Montrose, Colorado, is a city of almost 20,000 nestled in the Uncompahgre Valley on the western slopes of the Rocky Mountains. Until fall of 2012, the nearest Friends meeting was in Durango, a three‐hour, potentially treacherous drive down the Million Dollar Highway, known for its sharp shifts in elevation, guardrail‐less switchbacks, and vertical drops right next to the outside lane. And that’s in the summer—in the winter, it’s often closed due to snow.
In early autumn of 2012, a group of Friends contacted Friends General Conference’s New Meetings Project (NMP) to see what assistance it might be in helping them start a Quaker group in Montrose. Bill Yett, one of the lead planning committee members, had looked on FGC’s Quaker Finder and gotten the name of a contact from a former worship group that met in Montrose. That person gave him the email addresses of some other former attendees of that laid‐down group. Yett convened these Friends and, after discussion and worship, they felt led to see if there was interest in starting a new Friends group there. These Friends publicized around town (including placing an advertisement in the Montrose Daily Press) and reserved a space at the local library for an information meeting. NMP staff helped with suggestions regarding outreach, materials on welcoming and assimilating newcomers, and other tools from the New Meetings Toolbox (featured on FGC’s website). The publicity efforts brought forth some experienced Friends who had recently moved to the area. The information meeting led to weekly worship, which began in October. Since that time they have begun monthly meetings for business, have been given access to a local Episcopal church to hold meeting for worship, are in touch with Intermountain Yearly Meeting about affiliating with them, are listed on Quaker Finder, and have a new name: Three Valleys Worship Group.
The NMP will continue to support Three Valleys Worship Group through resources, personal visits, email and Skype, and the assignment of a team of two volunteers who will be in touch on a regular basis to nurture and support the new group.
While Three Valleys Worship Group is unique—as all Friends groups are—it does share a number of things in common with other groups contacting the NMP and other groups founded since 2002 (which number more than 80 in the United States and Canada). One thing is that the majority of new groups or those wishing to form a group have a strong core of experienced Friends when they begin. So far, 80 percent of the inquiries about starting a new meeting or worship group have come from “seasoned” Friends.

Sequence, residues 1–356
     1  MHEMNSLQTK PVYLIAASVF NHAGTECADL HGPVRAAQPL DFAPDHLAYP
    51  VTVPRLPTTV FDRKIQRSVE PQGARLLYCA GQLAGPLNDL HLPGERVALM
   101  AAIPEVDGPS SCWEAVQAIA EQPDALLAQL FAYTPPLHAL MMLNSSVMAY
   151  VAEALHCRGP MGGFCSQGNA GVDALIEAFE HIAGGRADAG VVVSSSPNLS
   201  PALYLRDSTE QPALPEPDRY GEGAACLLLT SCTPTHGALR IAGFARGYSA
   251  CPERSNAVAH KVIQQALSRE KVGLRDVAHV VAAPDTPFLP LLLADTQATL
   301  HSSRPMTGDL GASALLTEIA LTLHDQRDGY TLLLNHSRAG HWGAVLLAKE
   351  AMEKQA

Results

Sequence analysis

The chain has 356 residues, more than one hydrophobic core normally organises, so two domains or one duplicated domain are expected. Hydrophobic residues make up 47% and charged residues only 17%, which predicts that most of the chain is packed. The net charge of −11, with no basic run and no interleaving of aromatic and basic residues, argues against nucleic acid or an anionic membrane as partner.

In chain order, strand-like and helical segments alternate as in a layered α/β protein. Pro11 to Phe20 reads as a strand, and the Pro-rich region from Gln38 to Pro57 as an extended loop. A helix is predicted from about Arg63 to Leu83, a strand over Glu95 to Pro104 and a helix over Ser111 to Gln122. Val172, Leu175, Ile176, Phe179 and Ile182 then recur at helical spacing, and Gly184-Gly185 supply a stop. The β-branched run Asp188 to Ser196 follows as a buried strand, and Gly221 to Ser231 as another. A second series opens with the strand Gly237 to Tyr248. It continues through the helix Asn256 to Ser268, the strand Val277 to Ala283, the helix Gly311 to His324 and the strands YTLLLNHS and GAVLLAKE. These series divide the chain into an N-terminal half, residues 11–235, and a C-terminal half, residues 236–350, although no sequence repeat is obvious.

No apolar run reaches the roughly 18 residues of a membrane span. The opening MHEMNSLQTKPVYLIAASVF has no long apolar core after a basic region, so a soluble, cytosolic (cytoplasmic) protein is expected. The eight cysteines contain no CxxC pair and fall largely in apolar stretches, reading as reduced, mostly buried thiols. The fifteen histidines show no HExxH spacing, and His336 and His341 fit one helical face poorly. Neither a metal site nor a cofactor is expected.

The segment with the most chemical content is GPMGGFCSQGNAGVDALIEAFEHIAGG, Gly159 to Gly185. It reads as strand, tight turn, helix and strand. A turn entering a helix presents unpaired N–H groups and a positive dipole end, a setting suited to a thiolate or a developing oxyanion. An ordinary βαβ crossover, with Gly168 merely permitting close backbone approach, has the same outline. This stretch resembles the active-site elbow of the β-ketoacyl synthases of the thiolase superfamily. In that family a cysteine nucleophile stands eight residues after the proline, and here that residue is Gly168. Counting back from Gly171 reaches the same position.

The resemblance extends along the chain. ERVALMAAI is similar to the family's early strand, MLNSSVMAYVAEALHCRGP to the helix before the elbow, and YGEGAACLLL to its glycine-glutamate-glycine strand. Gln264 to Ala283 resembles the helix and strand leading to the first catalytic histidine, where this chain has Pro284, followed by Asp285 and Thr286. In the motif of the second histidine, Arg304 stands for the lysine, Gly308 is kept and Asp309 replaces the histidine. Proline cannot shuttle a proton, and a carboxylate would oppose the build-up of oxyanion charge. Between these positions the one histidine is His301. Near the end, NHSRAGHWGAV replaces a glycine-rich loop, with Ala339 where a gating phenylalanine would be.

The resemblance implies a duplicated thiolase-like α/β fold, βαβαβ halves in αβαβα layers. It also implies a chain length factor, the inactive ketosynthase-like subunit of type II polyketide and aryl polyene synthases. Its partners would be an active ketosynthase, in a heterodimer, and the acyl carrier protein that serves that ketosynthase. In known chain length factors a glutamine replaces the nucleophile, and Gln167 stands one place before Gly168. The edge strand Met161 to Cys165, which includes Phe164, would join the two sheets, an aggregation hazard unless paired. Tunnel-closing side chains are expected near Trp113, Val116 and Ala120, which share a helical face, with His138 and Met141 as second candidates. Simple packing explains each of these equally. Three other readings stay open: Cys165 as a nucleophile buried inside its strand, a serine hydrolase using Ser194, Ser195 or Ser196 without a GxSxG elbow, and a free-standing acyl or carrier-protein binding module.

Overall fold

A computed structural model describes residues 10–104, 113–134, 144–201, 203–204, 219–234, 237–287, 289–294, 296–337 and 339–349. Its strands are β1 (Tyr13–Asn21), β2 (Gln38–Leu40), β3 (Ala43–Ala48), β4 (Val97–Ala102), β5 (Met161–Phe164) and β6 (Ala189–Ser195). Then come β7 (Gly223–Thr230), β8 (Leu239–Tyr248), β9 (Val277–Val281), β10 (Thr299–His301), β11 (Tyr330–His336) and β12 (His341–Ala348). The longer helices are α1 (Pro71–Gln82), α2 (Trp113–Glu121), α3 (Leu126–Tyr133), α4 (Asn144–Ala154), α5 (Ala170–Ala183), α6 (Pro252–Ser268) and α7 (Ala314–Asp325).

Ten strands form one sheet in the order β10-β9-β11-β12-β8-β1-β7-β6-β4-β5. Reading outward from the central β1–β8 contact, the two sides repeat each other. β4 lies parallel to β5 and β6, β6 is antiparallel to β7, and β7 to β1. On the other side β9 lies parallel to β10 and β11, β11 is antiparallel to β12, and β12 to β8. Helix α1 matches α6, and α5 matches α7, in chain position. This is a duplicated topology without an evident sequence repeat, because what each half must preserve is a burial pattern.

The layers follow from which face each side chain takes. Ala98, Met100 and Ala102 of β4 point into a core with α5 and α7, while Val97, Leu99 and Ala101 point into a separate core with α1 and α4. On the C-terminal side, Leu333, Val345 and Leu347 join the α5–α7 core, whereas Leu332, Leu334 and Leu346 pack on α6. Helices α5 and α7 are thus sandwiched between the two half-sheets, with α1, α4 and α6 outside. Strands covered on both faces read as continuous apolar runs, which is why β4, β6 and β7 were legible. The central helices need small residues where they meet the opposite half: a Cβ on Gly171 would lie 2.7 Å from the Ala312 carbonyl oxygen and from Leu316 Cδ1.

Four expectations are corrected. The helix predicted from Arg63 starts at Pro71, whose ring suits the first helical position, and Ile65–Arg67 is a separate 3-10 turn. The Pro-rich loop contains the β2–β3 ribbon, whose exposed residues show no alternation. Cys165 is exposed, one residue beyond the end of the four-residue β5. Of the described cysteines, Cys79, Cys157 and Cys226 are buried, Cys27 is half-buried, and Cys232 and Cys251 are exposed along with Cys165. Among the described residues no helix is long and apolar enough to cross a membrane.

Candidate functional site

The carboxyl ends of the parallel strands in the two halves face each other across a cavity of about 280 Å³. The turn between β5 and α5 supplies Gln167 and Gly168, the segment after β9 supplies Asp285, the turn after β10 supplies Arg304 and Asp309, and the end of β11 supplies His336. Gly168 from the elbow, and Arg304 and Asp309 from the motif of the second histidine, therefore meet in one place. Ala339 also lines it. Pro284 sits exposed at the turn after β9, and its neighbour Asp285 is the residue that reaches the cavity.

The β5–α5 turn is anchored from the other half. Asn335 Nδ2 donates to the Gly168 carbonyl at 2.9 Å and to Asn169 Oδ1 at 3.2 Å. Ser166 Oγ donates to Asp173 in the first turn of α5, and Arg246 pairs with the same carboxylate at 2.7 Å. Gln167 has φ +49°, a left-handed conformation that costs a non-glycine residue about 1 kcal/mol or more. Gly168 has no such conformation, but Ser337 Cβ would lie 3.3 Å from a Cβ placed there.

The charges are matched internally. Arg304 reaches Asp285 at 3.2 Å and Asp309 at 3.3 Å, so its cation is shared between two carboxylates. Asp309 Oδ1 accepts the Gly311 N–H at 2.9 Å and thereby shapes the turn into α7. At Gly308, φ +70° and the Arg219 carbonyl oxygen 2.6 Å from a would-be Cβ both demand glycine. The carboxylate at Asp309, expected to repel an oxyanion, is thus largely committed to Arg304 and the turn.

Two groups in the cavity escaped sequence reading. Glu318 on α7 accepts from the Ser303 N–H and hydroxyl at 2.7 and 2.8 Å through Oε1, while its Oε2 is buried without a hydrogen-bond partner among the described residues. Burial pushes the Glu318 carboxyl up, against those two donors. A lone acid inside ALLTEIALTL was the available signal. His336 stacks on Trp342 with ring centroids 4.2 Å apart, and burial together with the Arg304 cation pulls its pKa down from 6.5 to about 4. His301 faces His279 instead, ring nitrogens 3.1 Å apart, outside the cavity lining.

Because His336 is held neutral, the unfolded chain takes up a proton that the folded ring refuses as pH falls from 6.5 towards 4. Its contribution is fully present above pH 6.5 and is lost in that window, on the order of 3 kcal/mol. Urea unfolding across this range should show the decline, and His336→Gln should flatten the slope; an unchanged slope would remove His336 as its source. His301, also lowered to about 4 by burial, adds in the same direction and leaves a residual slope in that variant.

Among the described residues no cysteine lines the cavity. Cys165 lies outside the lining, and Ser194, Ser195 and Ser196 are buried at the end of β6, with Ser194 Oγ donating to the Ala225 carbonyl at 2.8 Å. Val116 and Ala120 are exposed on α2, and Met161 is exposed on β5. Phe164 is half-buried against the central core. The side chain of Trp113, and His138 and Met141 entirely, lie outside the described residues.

Like Three Valleys, one half of the new groups that responded to a survey by the NMP also had new Friends and seekers involved in starting the group.
This mixed core group is one of the things that helped Three Valleys get off to a good start. When asked what was most helpful to them as they got started, Yett replied, “An immediate critical mass of experienced friends and interested seekers who were committed to creating a community.”
Another thing Three Valleys has in common with 66 percent of other newer meetings is that the nearest existing Friends meeting is at least 20 miles away. Four newer groups are more than 100 miles away from their nearest Quaker neighbor. Many of the calls for support the NMP receives come from places where there are currently no Friends meetings.
Less than half of the new groups are currently unaffiliated with a yearly meeting or other larger Friends organization. Of those that are unaffiliated, about one third are exploring affiliation with a yearly meeting, regional Friends association, or larger group. Sara Keeney, clerk of Intermountain Yearly Meeting reports, “We are on the verge of connecting Three Valleys with another Colorado meeting and then welcoming them at Intermountain Yearly Meeting Gathering.”
A bare majority of newer groups, like Three Valleys, are meeting in church buildings (either their own or rented or borrowed). Three Valleys rents space from a local Episcopal congregation and configures the space just the way they need it for worship.
Slightly less than half of the groups are meeting in a home or various homes owned or rented by attendees. The majority are also unprogrammed, though there are some which are semi‐programmed or programmed. Most meet on First Day morning, while just under half meet on First Day afternoon or evening; and a few also hold weekday meetings for worship. Three Valleys is considering adding a mid‐week service as a way to reach folks who can’t attend on First Day mornings.
Like Three Valleys, one half of the groups surveyed report that they consider themselves strong or thriving and describe their worship as “vital” or “Spirit‐filled.” The First Day meeting for worship I attended was both. The silence was deep and the vocal ministry was moving. And, not surprisingly, the coffee and snacks after meeting were tasty!
As with any new worship group or meeting, Three Valleys faces challenges. These growing pains are not unique to Quaker congregations. A national study of new congregation starts reveals that close to 60 percent of them close within five years. While Yett says that Three Valley’s biggest challenges are “getting to know each other better” and “sorting out direction” for this new group, they are off to a solid, spiritually‐deep start. Support and nurture from Intermountain Yearly Meeting Quakers and the NMP will help them continue to grow in faith and practice and bring a Friend‐ly presence to Colorado’s western slopes.